Locality of sampling and diversity in parallel system workloads

Dror G. Feitelson*

*Corresponding author for this work

Research output: Chapter in Book/Report/Conference proceedingConference contributionpeer-review

21 Scopus citations


Observing the workload on a computer system during a short (but not too short) time interval may lead to distributions that are significantly different from those that would be observed over much longer intervals. Rather than describing such phenomena using involved non-stationary models, we propose a simple global distribution coupled with a localized sampling process. We quantify the effect by the maximal deviation between the global distribution and the distribution as observed over a limited slice of time, and find that in real workload data from parallel supercomputers this deviation is significantly larger than would be observed at random. Likewise, we find that the workloads at different sites also differ from each other. These findings motivate the development of adaptive systems, which adjust their parameters as they learn about their workloads, and also the development of parametrized workload models that exhibit such locality of sampling, which are required in order to evaluate adaptive systems.

Original languageAmerican English
Title of host publicationProceedings of ICS07
Subtitle of host publication21st ACM International Conference on Supercomputing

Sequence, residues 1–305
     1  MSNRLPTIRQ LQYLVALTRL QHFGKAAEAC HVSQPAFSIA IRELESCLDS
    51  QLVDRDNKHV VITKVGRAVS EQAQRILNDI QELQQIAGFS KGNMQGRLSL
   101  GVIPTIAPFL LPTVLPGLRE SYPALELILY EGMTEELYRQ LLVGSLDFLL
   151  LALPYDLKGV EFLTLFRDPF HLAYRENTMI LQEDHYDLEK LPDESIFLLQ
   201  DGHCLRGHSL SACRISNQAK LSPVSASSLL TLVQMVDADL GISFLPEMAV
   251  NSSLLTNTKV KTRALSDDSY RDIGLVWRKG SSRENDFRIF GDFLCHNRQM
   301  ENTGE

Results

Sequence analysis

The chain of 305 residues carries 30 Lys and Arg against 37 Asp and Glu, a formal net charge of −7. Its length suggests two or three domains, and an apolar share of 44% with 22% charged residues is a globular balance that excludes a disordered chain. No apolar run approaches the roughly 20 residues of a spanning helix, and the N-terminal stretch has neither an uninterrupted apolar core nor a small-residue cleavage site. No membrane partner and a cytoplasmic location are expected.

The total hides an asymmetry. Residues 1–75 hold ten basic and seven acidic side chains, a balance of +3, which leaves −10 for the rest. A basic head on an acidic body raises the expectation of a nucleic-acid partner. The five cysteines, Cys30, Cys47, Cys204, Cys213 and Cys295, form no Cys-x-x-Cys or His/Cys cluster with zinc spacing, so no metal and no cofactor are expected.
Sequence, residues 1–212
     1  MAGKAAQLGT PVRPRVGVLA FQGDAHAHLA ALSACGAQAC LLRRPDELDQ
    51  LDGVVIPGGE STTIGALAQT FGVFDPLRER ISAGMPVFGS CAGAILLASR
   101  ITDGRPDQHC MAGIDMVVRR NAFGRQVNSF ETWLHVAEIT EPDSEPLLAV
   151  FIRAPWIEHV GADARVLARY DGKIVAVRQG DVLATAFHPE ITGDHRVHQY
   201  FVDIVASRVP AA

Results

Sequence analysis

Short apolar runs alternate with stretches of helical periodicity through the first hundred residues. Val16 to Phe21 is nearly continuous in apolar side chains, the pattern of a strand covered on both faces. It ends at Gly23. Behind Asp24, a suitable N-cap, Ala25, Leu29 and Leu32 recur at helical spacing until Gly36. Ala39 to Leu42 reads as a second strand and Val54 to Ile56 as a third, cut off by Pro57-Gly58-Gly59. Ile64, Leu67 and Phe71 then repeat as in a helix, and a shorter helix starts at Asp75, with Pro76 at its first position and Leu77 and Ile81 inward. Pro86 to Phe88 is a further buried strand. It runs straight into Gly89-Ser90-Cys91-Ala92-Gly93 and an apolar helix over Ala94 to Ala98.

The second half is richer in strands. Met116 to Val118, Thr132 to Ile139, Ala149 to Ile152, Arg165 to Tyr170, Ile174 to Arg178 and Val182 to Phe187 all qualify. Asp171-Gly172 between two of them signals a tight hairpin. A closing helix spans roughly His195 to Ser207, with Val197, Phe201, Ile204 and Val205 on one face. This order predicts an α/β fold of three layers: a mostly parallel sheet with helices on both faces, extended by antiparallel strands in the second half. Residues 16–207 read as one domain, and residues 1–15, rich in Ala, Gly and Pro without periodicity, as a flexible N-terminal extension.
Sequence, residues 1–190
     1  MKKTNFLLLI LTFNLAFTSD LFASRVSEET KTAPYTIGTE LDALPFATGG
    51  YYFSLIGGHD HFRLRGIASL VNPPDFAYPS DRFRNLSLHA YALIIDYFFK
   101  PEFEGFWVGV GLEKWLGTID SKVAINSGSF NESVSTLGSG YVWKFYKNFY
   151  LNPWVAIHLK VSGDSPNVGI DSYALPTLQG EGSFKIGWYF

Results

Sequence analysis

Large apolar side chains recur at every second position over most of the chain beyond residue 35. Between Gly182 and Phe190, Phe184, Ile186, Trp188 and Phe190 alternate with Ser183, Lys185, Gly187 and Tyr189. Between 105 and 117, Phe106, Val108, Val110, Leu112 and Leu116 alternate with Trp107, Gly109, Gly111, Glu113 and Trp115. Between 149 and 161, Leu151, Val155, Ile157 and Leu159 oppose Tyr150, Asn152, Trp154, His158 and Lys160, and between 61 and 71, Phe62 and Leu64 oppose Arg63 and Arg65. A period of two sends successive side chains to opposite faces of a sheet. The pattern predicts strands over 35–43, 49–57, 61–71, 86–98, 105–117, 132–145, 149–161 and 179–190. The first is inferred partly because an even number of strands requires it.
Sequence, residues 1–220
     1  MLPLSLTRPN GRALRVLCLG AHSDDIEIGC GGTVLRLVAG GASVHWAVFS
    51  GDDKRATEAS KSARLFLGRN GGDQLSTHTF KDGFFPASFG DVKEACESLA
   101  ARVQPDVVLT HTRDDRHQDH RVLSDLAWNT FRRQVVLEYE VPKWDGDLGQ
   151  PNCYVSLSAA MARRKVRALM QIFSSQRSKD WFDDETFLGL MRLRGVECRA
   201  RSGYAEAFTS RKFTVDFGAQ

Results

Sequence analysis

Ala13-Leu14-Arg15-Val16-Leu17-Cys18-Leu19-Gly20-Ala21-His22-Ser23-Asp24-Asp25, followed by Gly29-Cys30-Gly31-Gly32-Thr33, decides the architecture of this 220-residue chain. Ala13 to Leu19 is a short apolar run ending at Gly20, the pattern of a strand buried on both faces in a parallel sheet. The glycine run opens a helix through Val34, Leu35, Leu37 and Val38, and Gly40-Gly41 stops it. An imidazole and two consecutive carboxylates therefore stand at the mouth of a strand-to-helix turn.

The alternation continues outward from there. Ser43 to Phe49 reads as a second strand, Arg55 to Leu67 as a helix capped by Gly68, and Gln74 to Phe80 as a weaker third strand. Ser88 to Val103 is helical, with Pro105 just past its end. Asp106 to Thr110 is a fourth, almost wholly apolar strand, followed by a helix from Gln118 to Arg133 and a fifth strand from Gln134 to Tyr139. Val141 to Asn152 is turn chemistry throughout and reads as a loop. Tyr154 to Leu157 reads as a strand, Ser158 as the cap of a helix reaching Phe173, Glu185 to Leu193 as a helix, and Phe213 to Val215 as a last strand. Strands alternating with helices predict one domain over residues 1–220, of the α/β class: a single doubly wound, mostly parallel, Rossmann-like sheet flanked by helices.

Number of pages11
StatePublished - 2007
Event21st ACM International Conference on Supercomputing, ICS07 - Seattle, WA, United States
Duration: 17 Jun 200721 Jun 2007

Publication series

NameProceedings of the International Conference on Supercomputing


Conference21st ACM International Conference on Supercomputing, ICS07
Country/TerritoryUnited States
CitySeattle, WA

Bibliographical note

Funding Information:
The author would like to thank individually all the participants, from private and public organizations located in France, Switzerland and the UK, that have taken part in the research and interviews. Such support and open discussions highlighting project experiences, have substantively contributed to both match research aim and goals, and provide a handout for practical reflection and learning. The author would like also to acknowledge the help and resources provided by the University of Southampton and the allocated supervisor's contribution.


  • Locality
  • Workload characterization
  • Workload modeling


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